‘Bunions Behind the Scenes’
Welcome to ‘my latest publication’.
Bunion (Hallux Valgus): Behind the Scenes is my new (second) patient journey series scheduled 27th May 2019 from Amazon
I am delighted to launch my second book, this time you can read about that troubling subject of the bunion. Over the last year I have published some free articles on bunions on my website consultingfootpain.co.uk. It is highly unlikely that you will find a book on the market that covers as much patient-focused information. Putting information in the hands of patients is vital. So 2019 is a definite time for an update as the last book written on bunions by a British podiatrist was Lewis Durlacher in the 19thcentury. You can pre-order your e-book now. A paperback version will be released later on this year so watch out for this date by signing up to my website consultingfootpain.co.uk
‘There is much confusion about whether to have something done or not about a condition like a bunion. Much written is neither for the patient nor written by a patient or even someone tuned into a patient’s need. So, if you are contemplating bunion surgery, then please read this book first. It contains real patient journeys. Let’s see if we can avoid surgery, but if not, then stay in control and make the right decision for you. Above all be careful about promises made by books to fix your bunion with exercise and devices.
After forty-plus years of experience as a podiatric surgeon, I can tell you otherwise.’
Here is a preview:
1: WHY DO PEOPLE WANT BUNION SURGERY?
SUMMARY: Understanding why people want treatment is helpful. The survey covers the year 2010 only but reflects typical concerns patients have from a bank of reported comments. Eradication of pain remains the principal focus of concern, followed by a desire to be able to wear shoes comfortably and thirdly being able to walk without discomfort. The majority of the other concerns are connected with the first three. We now need to chip away at the questions you should ask in order to understand any decisions discussed.
Getting to the bottom of why?
During 2010 the College of Podiatry set up a database that included a survey of the reasons why patients had wanted surgery in respect of their expectations. Thirty-seven centres forwarded anonymous data about the type of common procedure called an ‘osteotomy’. Using a snapshot of patients from the opening year of the data collected in 2010, 1,030 people commented with 571 statements, many with simple undefined responses, others with more detail. The breakdown of these comments can be organised by common themes, although there is an overlap with some footwear aspirations. It is unlikely that complaints about bunions vary much from this list of 16 elements. The comments have been listed from the most common to least common.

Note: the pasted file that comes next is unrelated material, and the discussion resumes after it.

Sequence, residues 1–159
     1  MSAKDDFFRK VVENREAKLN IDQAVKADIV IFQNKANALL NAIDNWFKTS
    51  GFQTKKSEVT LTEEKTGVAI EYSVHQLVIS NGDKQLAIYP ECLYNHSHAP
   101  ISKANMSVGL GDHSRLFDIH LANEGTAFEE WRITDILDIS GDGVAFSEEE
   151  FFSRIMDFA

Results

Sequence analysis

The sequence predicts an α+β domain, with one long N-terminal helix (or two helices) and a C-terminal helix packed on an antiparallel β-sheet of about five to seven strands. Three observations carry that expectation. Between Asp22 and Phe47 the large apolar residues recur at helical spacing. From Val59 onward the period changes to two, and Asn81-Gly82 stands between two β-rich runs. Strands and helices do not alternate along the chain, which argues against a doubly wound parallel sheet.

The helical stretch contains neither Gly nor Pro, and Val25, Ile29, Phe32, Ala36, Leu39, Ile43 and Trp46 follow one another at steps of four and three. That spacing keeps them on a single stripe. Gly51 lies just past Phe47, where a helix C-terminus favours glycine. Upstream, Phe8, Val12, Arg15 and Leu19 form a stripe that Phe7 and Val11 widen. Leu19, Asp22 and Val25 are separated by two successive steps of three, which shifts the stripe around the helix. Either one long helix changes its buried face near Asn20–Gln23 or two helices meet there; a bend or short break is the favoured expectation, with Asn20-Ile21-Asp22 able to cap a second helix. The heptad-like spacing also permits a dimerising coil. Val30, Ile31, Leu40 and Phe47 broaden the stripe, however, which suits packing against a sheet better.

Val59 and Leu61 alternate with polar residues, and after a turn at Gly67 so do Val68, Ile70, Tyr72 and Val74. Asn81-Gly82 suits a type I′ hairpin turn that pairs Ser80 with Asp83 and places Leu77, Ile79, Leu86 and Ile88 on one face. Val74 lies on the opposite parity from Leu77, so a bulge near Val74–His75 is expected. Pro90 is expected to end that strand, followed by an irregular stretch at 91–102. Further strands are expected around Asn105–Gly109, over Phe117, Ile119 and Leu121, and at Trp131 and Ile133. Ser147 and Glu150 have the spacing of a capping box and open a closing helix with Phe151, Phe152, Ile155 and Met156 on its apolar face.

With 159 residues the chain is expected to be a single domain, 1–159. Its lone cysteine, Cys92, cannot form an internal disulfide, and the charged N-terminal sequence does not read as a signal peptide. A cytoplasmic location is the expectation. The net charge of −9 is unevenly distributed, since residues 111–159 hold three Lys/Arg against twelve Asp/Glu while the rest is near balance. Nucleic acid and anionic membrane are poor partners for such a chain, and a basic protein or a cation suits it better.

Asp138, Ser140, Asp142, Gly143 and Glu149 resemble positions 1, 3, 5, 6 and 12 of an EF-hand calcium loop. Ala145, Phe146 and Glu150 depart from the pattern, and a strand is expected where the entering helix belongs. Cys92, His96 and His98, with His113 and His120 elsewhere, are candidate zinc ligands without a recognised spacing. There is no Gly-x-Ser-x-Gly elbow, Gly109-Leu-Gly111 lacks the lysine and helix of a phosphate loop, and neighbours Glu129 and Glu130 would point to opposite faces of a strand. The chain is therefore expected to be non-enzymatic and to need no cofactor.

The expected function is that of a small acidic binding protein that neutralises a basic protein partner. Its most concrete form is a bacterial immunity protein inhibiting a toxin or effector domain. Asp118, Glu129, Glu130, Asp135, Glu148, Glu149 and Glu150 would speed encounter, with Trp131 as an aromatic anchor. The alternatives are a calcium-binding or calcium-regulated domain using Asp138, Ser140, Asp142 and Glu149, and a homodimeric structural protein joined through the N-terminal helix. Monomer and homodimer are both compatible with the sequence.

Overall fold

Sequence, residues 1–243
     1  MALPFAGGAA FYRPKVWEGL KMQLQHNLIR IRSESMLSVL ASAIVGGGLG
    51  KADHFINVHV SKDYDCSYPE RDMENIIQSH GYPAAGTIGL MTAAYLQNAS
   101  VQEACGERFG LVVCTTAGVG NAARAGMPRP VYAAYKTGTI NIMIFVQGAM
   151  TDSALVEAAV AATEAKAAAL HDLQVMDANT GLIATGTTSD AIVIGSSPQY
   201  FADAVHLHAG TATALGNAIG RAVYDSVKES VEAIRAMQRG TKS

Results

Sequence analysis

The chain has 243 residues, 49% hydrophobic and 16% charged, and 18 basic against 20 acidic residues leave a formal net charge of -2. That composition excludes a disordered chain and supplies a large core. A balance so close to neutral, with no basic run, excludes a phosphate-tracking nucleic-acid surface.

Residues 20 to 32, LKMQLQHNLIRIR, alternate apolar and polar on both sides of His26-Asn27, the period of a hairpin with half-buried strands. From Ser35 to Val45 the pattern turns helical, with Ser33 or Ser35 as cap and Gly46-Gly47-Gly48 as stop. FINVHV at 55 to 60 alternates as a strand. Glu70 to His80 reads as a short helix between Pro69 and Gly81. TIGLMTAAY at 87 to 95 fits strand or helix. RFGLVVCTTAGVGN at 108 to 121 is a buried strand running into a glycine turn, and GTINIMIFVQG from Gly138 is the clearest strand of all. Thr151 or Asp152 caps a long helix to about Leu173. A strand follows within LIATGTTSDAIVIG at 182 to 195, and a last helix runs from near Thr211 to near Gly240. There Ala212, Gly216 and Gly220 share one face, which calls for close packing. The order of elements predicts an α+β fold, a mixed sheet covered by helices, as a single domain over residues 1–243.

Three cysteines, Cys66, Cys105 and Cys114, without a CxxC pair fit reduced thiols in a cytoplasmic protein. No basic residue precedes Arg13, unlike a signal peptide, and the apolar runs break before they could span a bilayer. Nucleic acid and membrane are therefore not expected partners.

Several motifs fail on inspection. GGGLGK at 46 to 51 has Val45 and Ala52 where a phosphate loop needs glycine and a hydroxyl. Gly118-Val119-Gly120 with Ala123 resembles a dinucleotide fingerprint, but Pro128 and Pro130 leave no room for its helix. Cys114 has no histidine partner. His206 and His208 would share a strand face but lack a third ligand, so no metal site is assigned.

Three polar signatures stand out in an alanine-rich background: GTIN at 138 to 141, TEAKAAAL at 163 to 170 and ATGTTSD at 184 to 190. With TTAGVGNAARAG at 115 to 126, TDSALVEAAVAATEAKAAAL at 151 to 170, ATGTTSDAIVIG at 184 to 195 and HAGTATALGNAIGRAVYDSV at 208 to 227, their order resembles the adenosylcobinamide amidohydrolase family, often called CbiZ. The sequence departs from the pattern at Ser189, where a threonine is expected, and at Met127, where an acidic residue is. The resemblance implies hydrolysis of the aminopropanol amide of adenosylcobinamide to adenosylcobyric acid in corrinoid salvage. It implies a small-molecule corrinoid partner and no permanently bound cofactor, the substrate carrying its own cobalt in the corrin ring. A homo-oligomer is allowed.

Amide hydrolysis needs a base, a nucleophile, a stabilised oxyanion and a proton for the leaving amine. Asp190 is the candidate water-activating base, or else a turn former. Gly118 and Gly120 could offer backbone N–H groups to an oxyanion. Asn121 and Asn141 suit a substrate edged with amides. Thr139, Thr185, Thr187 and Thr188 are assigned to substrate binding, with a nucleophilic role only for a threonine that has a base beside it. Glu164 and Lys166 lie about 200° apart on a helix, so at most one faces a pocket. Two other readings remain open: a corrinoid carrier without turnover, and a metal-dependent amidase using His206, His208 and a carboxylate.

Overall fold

- Reduction in pain (31%)
- Ability to wear shoes and boots without discomfort (18%)
- Walking without pain (16%)
- Straighter toe (13%)
- Removal of the bump (6%)
- Narrower foot (3.8%)
- Adjacent toe deformity relief from soreness (3.1%)
- Effect on work (2.8%)
- Desire to wear ‘nice’ shoes (1.6%)
- Toe flexibility (1.4%)
- Limited to certain shoes (0.5%)
- Pain at bottom of feet (0.7%)
- Having matching feet (0.4%)
- Relief from pain in other joints e.g hip, back (0.4%)
- Corns (0.4%)
- Sleep better (0.2%)
This list allows us to consider what makes us seek treatment, and in particular foot surgery. The predominance of female responses (70%) make this gender biased toward better looking feet and the impact on appearance and shoe fit, but the reduction of pain outranks all other concerns and is common to both genders.
At the bottom end, despite interrupted sleep polling only 0.2%, it is a significant issue. Pain at the bottom of the foot suggests that the big toe deformity may have accompanying problems, and issues with lesser toes are recorded in 3.1% of respondents, highlighting that some bunion deformities carry wider problems. So your concern may in fact be broader even though you are unaware of this fact.
A need for toe flexibility ranks tenth on the list (1.4%), whilst reduction of pain on movement forms a greater preference (31%). Pain does affect joint movement, and treatment will take into consideration the different entities that cause pain and stiffness.